Research to be published in the November issue of the Journal of Clinical Investigation will reveal some surprising things about chronic marijuana usage. Instead of having a debilitating effect on the brain's memory, it may actually work to stimulate the growth of neurons that would increase the brain's capabilities for learning and memory.
According to findings released to the media by Dr. Xia Zhang, an associate professor with the Neuropsychiatry Research Unit at the University of Saskatchewan in Saskatoon not only did high doses of cannabinoids promote the generation of neuron growth in the hippocampuses of rats, but it also seems to alleviate depression and anxiety. The hippocampuses is the part of the brain associated with learning and memory, and scientists have long suspected a correlation between depression and a slow down in neuron regeneration in that area.
The same results were achieved whether a natural form or a chemical form of cannabinoids was used in the tests. The one thing the scientists did warn people about was the drug they were using, HU-210, was actually 100 times more powerful than the THC(delta-9-tetrahydrocannabinol) found in your regular street pot. Since the rats were injected twice a day for ten days with this chemical. It appears it would take an enormous amount of street pot to achieve the same results.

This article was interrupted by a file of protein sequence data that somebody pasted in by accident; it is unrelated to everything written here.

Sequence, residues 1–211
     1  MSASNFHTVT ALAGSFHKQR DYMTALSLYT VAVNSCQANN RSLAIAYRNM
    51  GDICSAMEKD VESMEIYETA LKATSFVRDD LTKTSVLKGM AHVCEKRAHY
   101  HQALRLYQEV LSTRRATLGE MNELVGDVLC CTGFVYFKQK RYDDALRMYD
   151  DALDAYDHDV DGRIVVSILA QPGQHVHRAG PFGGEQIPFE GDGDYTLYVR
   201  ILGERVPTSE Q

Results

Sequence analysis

Dr. Zhang was also quick to point out that there are countless differences between rats and humans and there was no way of predicting whether the results would be the same. However it does make me wonder how this news will be treated by some of the more dedicated smokers of cannabis; how this will this news be received on the street?
In honour of, and with apologies to, Mr. Harold Pinter, I present the following dramatic re enactment of a scene that may never take place.
(The lights come up on a street corner. Two individuals, gender is irrelevant, are sitting on a bench. Throughout the scene they never make eye contact, mostly they are stare off into space.)